What You Should Know About Having an ATV or Snowmobile

All-terrain vehicles and snowmobiles are popular recreational tools, especially in North America. In three months (between January and March of 2017), over 40,000 ATV’s were sold in the United States and the United States and Canada makes up the majority of snowmobiles sold globally. There were almost 120,000 snowmobiles sold last year; over 50,000 of those were sold in the United States and almost 45,000 were sold in Canada. There are over one million snowmobiles that are registered in the United States and over 600,000 in Canada. However, there’s plenty involved with handling an ATV or snowmobile safely and we’ve included some tips to follow when going to ATV dealers or snowmobile dealers. Knowing what to look for and how to handle these vehicles properly is imperative.

Why are ATV’s and Snowmobiles So Popular?

ATV’s and snowmobiles look cool and give off an aura of someone who can handle the outdoors and be tough. Part of their draw is certainly the aura they lend someone. It’s also likely that the ATV and snowmobile culture helps too. If you grow up in an area where they’re big and pretty much everyone you know has one and spends their recreational time on them together, chances are you’ll want one too.

They’re also a great way to explore the land around you and spend time outside. You can get much further on an ATV or snowmobile than you can on foot and you can go places in these vehicles that you couldn’t in a car or a truck.

Plus, the thrill and adrenaline rush an ATV or snowmobile can bring is an addictive quality and one that will have you returning again and again for a ride.

What’s Involved in Owning and Handling an ATV or Snowmobile?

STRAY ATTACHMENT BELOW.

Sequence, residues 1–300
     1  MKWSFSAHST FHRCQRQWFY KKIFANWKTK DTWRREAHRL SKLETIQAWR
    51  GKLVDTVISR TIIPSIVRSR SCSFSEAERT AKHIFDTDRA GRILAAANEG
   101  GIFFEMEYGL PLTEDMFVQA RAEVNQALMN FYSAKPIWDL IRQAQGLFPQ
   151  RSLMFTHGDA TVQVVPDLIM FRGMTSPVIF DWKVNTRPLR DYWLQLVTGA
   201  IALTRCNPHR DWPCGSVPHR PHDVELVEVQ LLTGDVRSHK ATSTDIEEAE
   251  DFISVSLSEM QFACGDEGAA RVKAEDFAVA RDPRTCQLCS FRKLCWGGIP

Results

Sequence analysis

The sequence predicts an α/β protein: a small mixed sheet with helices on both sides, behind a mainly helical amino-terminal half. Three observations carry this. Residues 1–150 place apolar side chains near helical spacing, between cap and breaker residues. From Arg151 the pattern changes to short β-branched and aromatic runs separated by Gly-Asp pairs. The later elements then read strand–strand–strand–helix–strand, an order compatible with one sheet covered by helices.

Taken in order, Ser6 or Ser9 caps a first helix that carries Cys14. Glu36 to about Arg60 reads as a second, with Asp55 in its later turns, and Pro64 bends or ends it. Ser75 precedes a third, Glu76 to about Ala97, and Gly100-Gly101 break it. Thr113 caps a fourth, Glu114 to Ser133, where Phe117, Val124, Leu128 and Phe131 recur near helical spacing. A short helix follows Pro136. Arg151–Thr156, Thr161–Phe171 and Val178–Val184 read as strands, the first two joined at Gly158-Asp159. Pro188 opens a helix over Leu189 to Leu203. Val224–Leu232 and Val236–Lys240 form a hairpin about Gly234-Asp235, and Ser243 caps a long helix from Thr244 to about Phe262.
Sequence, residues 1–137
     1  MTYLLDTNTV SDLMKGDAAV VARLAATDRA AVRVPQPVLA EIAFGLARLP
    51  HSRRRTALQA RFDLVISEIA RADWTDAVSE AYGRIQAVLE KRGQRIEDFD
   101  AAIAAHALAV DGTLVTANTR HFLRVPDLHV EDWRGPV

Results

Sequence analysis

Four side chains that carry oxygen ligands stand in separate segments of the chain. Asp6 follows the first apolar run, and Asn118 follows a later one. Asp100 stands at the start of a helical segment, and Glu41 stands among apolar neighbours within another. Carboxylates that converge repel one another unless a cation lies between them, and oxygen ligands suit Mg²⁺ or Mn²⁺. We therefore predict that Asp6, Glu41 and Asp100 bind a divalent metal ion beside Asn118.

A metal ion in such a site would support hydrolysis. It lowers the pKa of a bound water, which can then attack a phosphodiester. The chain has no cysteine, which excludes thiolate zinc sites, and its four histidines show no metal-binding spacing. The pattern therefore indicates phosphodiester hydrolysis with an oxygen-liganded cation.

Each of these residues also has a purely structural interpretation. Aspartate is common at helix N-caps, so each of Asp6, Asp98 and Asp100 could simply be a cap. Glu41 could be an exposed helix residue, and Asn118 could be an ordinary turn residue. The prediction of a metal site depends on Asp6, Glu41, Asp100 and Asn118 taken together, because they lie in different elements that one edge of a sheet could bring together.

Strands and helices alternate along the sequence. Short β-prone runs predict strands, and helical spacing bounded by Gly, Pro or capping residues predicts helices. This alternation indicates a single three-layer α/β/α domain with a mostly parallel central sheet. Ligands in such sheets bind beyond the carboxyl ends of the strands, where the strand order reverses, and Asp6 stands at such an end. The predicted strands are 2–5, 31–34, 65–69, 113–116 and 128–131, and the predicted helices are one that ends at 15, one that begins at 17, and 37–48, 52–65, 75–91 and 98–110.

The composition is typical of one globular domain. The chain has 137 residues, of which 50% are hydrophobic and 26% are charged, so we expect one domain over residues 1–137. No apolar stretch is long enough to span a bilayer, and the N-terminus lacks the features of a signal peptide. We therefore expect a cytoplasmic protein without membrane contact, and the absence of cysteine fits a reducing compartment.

ATV

You should definitely check your state’s requirements — some may require you to have a special license for an ATV. You can usually handle everything through your local DMV. You’ll probably need to bring a title, signed application, bill of sale, vehicle identification number, proof of insurance, as well as whatever fee is charged to apply.

It’s important to note that ATV’s are generally not meant to be ridden on highways — they’re meant to be off-road vehicles and riding age-appropriate ATV’s and following passenger limits is important. Only riding on designated trails is advised, as is taking a safety course and following all instructions.

Snowmobile

Similarly to an ATV, you should check your state requirements, since they can differ depending on where you live. Almost all will require you to have a registration and some legally require you to wear a helmet and forbid you from driving under the influence of either alcohol or drugs. Proof of ownership, bill of sale, and and an application fee are all required at registration.

Always inspect your snowmobile before getting on, especially if it’s the first ride of the season. Carrying an emergency and personal items kit is always advised, as is knowing how much fuel and oil you have before setting off. Check the weather forecast and dress appropriately. Again, a safety course is usually advised before your first trip.

What Should I Know When I Visit ATV Dealers?

Whether you’re shopping at ATV dealers for a new or used ATV, you should always do a couple things. Do your research before you go — know what you’re looking for and what you’ll use it for, so you’re knowledgeable when talking to ATV dealers. Always take it for a test ride (especially if it’s used). If it’s used, check the vehicle identification number to make sure there’s no issues with its history and see if a mechanic can verify it’s good to go. You should also always have a bill of sale when you walk out the door.

Whether you’re looking for a snowmobile for sale
or an ATV, checking with certified dealers first is almost always the way to go. Know your stuff before you go and be sure to remember that safety comes first, in all scenarios.

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